Free Adult Internet Web Sites: How Prevalent Are Degrading Acts?
Russell (Dangerous relationships: Pornography, misogyny, and rape, 1988) argued that essential features of pornography were the inclusion of more female than male nakedness and the portrayal of men in dominant roles. Utilizing a sample of 45 Internet adult web sites, a content analysis was conducted to see if free and easily available Internet adult videos may generally be described as pornography in line with Russell’s (1988) work. A majority of videos in our sample portrayed more female than male nakedness as well as much higher representations of men in sexually dominant positions. The prevalence of violence in this sample of video and the presence of various acts (name calling, ejaculating on the face, submission, and eagerness to participate in any sex act) were also content analyzed and used to establish prevalent themes. We found a significant difference in the likelihood of a video having a theme of exploitation or domination and whether or not the video portrayed one of these acts. If the video had a theme of exploitation or domination, 92% of the videos also included a minimum of one of these acts while those videos that had themes of reciprocity or autoeroticism were significantly less likely to contain such acts. This study contributes to the literature on gender and pornography by examining issues of degradation and power relations within the context of a rapidly expanding cybersex industry.
KeywordsPornography Degradation Internet
- 2.Barron, M., & Kimmel, M. (2000). Sexual violence in three pornographic media. Journal of Sex Research, May 1–25.Google Scholar
- 3.Boies, S. (2002). University students uses of and reactions to online sexual information and entertainment: Links to online and offline sexual behavior. The Canadian Journal of Human Sexuality, 11, 77–89.Google Scholar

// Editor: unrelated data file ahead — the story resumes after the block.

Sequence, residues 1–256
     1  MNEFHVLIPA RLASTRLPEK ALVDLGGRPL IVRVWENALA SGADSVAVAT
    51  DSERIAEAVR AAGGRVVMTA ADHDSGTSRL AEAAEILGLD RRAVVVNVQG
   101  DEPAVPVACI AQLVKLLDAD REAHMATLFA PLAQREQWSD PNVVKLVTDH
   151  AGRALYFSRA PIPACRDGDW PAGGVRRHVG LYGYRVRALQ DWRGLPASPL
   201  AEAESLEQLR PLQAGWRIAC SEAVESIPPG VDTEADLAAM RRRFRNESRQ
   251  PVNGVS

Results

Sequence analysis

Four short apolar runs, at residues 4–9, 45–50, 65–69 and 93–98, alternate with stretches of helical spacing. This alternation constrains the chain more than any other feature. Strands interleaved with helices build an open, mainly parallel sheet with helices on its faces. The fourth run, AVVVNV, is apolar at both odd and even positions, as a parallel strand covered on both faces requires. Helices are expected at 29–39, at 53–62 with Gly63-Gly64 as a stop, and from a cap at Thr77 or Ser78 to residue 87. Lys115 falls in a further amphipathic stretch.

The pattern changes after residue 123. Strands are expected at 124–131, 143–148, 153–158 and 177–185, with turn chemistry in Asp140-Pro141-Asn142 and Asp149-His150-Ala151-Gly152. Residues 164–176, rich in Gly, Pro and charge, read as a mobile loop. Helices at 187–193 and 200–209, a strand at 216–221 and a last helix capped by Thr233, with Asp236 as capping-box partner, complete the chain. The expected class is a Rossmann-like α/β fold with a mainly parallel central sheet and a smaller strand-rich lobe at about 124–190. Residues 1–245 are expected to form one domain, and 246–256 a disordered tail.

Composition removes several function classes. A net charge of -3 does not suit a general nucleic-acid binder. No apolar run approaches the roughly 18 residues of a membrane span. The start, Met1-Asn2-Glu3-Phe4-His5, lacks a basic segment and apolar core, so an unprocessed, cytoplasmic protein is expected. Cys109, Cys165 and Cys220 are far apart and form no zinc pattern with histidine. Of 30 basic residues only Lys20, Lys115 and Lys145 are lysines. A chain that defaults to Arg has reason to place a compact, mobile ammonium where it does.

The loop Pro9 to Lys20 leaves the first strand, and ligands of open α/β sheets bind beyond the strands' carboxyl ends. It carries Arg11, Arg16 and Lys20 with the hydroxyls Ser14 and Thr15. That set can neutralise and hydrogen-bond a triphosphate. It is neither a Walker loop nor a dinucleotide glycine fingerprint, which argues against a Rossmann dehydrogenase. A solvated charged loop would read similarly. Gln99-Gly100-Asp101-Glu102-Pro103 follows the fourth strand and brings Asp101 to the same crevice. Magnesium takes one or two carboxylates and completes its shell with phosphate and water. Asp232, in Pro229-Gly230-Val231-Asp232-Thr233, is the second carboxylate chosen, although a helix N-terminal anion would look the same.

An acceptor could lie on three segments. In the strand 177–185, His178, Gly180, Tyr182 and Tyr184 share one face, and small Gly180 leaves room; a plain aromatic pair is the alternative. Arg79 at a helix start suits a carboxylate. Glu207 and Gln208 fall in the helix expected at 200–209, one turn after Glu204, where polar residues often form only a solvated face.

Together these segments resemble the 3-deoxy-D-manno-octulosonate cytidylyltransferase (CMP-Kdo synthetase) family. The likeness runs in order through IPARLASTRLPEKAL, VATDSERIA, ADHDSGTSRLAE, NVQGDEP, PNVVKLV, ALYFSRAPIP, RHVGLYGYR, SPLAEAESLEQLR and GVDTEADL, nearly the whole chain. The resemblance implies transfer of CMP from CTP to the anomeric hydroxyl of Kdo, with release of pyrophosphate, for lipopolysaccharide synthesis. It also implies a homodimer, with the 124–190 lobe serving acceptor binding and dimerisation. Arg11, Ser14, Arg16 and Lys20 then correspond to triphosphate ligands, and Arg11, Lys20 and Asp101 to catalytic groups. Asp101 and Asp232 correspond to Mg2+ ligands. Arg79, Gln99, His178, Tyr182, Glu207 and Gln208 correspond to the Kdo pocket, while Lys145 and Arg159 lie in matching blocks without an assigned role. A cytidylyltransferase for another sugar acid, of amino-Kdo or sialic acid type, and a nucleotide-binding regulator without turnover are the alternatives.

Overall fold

- 4.Brownmiller, S. (1975). Against our will. New York: Simon and Schuster.Google Scholar
- 7.Check, J., & Guloien, T. (1989). Reported proclivity for coercive sex following repeated exposure to sexually violent pornography, nonviolent dehumanizing pornography, and erotica. In D. Zillmann & J. Bryant (Eds.), Pornography: Research advances, policy considerations (pp. 159–184). Hillsdale: Erlbaum.Google Scholar
- 8.Cooper, A. (2004). Online sexual activity in the millennium. Contemporary Sexuality, 38, 1–7.Google Scholar
- 15.Dines, G., Jensen, R., & Russo, A. (1998). Pornography: The production and consumption of inequality. New York: Routledge.Google Scholar
- 17.Dworkin, A. (1989). Pornography: Men possessing women. New York: Dutton.Google Scholar
- 19.Glascock, J., & Larose, R. (1993). Dial-a-porn recordings: The role of the female participant in male sexual fantasies. Journal of Broadcasting & Electronic Media, 37, 313–325.Google Scholar
- 23.Jensen, R. (2007). Getting off: Pornography and the end of masculinity. Cambridge: South End Press.Google Scholar
- 25.MacKinnon, C. A., & Dworkin, A. (1988). Pornography and civil rights: A new day for women’s sexuality. Minneapolis: Organizing Against Pornography.Google Scholar
- 30.Paul, P. (2005). Pornified: How pornography is damaging our lives, our relationships, and our families. New York: Henry Holt and Company, LLC.Google Scholar
- 32.Rimm, M. (1995). Marketing pornography on the information superhighway: A survey of 917, 410 images, descriptions, short stories, animations downloaded 8.5 million times by consumers in over 2000 cities in Forty Countries, Provinces, and Territories. Georgetown Law Journal, 83, 1849–1934.Google Scholar
- 33.Ropelato, J. (n.d.). Internet Pornography Statistics. Internet Filter Review. Retrieved on November 5, 2008. (http://www.internet-filter-review.toptenreviews.com/internet-pornography-statistics.html).
- 34.Russell, D. (1998). Dangerous relationships: Pornography, misogyny, and rape. Thousand Oaks: Sage Publications.Google Scholar
- 36.Web Pro News (2004). Web Porn More Popular Than Search Engines. http://archive.enterprisewebpro.com/enterprisewebpro-6120040604WebPornMorePopularThanSearchEngines.html.
- 37.Whisnant, R. (2004). Understanding systems of prostitution. In C. Stark & R. Whisnant (Eds.), Not for sale: Feminists resisting prostitution, pornography (pp. 15–27). North Melbourne: Spinifex Press Pty Ltd.Google Scholar
- 38.Zillmann, D., & Brosius, H. (2000). Exemplification in communication: The influence of case reports on the perception of issues. Mahwah: Lawrence Erlbaum Associates, Publishers.Google Scholar